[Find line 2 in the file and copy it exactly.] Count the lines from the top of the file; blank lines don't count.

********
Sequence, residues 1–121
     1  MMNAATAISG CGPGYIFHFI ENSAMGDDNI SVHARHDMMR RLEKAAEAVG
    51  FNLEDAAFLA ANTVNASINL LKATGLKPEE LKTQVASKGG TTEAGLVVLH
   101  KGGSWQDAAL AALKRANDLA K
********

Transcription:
     1  MMNAATAISG CGPGYIFHFI ENSAMGDDNI SVHARHDMMR RLEKAAEAVG